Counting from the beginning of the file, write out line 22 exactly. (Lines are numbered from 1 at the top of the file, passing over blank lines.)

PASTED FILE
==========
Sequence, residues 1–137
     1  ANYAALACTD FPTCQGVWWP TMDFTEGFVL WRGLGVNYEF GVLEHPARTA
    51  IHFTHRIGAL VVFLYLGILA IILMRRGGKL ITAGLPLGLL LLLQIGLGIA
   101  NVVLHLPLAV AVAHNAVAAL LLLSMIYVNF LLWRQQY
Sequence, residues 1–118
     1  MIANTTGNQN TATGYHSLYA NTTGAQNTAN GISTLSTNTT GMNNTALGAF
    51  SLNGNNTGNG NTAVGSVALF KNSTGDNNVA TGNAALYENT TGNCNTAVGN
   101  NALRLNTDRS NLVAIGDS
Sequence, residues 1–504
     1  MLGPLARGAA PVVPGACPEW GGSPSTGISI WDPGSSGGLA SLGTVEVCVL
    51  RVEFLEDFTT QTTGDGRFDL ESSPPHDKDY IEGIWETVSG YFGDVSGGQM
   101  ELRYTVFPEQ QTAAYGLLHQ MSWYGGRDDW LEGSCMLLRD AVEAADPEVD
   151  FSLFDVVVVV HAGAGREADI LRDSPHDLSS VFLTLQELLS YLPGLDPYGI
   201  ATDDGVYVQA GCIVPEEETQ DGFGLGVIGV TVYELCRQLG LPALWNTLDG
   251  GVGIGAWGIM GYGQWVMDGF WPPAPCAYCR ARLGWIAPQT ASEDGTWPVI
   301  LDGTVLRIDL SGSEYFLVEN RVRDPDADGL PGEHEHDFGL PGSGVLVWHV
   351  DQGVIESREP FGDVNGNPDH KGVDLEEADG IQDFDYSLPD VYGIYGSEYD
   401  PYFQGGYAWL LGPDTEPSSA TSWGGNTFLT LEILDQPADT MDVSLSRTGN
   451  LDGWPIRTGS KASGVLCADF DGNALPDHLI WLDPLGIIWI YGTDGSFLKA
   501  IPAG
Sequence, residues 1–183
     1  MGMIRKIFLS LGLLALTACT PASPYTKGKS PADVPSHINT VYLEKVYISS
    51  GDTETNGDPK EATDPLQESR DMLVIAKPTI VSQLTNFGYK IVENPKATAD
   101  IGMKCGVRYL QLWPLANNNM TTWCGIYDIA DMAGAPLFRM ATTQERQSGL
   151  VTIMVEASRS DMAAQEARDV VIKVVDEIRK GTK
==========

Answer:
     1  MGMIRKIFLS LGLLALTACT PASPYTKGKS PADVPSHINT VYLEKVYISS